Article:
49,933 veterans are homeless on any given night in the U.S.
1.4 million are at risk of homelessness.
In the U.S., the failure of the Department of Veteran Affairs to address homelessness among vets has received national attention.
First Lady, Michelle Obama, has called veteran homelessness a “stain on the soul of this nation.”
In 2014, she launched the Mayors Challenge to End Veteran Homelessness, asking for mayors to make a commitment to end veteran homelessness in their cities.
In February 2015, NYC’s Mayor DeBlasio answered the challenge by spearheading efforts to place 1,000 homeless veterans living in city shelters into permanent homes. An intake center for homeless men specifically catering to veterans was opened and the Mayor’s Office of Veteran Affairs committed to prioritizing veterans and their families in residence placement.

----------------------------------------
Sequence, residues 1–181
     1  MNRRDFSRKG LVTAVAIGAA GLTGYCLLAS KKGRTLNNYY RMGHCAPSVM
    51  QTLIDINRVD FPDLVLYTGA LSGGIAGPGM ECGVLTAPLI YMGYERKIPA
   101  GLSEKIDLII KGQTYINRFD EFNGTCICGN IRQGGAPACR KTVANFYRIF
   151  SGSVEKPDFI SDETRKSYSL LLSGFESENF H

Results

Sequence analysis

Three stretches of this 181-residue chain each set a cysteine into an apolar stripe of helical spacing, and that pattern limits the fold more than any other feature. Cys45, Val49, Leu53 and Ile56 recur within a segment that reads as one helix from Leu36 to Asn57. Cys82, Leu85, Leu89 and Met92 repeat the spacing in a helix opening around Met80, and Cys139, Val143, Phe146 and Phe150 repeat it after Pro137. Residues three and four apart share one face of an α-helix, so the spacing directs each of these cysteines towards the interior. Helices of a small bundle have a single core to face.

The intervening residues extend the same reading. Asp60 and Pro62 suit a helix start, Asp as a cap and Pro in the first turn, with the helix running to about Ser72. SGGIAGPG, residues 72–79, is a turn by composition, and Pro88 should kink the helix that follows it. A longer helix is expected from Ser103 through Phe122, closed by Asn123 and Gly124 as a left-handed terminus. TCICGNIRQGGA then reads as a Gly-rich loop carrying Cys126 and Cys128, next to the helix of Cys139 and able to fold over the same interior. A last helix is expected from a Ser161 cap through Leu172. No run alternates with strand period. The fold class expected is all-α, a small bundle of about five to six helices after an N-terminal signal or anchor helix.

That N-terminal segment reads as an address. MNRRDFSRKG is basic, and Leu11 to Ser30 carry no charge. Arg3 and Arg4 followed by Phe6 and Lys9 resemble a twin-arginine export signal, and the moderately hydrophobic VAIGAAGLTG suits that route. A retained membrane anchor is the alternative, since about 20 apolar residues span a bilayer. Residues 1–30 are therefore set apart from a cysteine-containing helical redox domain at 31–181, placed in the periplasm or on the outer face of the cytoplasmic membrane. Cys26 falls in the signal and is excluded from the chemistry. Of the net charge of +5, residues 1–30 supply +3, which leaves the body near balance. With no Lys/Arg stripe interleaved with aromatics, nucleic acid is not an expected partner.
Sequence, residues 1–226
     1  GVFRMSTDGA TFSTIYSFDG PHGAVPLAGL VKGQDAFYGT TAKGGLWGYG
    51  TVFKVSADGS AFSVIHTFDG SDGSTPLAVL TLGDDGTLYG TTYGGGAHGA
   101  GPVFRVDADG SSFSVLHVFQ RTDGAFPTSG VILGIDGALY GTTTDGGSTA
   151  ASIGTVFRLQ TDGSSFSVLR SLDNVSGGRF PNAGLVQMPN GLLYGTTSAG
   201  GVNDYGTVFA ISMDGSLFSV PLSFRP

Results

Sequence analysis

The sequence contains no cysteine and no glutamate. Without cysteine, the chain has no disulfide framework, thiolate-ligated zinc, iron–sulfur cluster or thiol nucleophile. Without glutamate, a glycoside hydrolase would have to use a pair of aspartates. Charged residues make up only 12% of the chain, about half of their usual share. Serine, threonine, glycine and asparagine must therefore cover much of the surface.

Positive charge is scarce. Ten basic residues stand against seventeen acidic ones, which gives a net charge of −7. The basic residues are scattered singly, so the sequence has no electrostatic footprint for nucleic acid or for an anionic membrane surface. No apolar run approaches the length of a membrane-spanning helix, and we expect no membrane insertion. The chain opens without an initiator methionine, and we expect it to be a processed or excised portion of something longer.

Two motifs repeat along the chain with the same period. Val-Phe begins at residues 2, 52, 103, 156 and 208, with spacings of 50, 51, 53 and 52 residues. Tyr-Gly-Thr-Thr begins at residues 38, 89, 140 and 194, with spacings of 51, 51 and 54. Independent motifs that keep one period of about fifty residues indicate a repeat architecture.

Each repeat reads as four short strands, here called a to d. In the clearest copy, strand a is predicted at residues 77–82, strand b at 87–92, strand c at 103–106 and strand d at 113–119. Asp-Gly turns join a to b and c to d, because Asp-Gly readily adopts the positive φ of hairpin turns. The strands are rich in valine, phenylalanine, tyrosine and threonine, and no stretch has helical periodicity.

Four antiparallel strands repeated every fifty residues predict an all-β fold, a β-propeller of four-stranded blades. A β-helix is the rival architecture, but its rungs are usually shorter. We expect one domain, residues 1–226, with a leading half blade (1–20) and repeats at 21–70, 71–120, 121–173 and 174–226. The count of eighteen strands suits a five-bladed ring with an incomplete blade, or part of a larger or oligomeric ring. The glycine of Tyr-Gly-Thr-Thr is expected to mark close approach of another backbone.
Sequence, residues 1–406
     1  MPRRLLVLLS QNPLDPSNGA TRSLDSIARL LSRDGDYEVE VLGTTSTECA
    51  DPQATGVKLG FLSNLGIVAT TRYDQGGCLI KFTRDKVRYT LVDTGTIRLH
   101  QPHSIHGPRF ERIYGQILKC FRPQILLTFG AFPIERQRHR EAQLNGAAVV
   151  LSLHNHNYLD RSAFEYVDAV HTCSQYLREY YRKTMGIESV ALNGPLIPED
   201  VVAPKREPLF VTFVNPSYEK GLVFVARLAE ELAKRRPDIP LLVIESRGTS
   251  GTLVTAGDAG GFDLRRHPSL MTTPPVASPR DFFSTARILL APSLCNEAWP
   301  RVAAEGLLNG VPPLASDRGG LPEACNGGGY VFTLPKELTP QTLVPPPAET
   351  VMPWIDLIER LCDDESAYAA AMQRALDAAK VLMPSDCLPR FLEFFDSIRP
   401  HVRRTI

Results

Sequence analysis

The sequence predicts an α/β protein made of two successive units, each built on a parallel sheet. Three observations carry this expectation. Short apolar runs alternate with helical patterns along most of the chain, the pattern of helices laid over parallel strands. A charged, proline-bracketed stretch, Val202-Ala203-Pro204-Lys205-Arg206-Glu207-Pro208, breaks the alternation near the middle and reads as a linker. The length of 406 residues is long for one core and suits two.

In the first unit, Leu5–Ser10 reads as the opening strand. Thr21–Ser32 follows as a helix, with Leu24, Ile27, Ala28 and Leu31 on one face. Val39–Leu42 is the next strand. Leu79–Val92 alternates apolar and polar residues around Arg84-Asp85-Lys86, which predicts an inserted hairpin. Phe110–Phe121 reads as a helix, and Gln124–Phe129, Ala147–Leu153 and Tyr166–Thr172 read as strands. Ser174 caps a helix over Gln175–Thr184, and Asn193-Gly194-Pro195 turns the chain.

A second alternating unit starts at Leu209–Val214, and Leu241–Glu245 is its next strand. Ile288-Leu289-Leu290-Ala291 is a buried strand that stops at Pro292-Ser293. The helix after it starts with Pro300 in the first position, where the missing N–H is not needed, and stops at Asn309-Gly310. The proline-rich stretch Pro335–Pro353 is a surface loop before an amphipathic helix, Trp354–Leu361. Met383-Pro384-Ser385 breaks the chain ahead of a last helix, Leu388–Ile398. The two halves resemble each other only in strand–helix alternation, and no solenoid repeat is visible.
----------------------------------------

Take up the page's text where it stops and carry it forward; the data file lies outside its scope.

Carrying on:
One idea is that community-based solutions with a focus on “veterans helping veterans” work best.
Urban Pathways, a NYC-based non-profit, has had success in placing homeless vets in permanent housing. They recently opened a building in the South Bronx, the Boston Road Veterans Residence, which will house 43 veterans.
The support networks present in veteran-only housing could be the key to understanding why veterans fare better in these types of programs. They connect the dots on all the support mechanisms veterans need to live healthy and independent lives (e.g. housing, employment, access to mental health services).
According to the National Coalition for Homeless Veterans:
“Veterans need a coordinated effort that provides secure housing, nutritional meals, basic physical health care, substance abuse care and aftercare, mental health counseling, personal development and empowerment. Additionally, veterans need job assessment, training, and placement assistance.”
Obtaining and sustaining employment is cited by the NCHV as the factor that contributes most significantly to success.
Moral outrage is not enough in helping vets off the street and into the homes they deserve.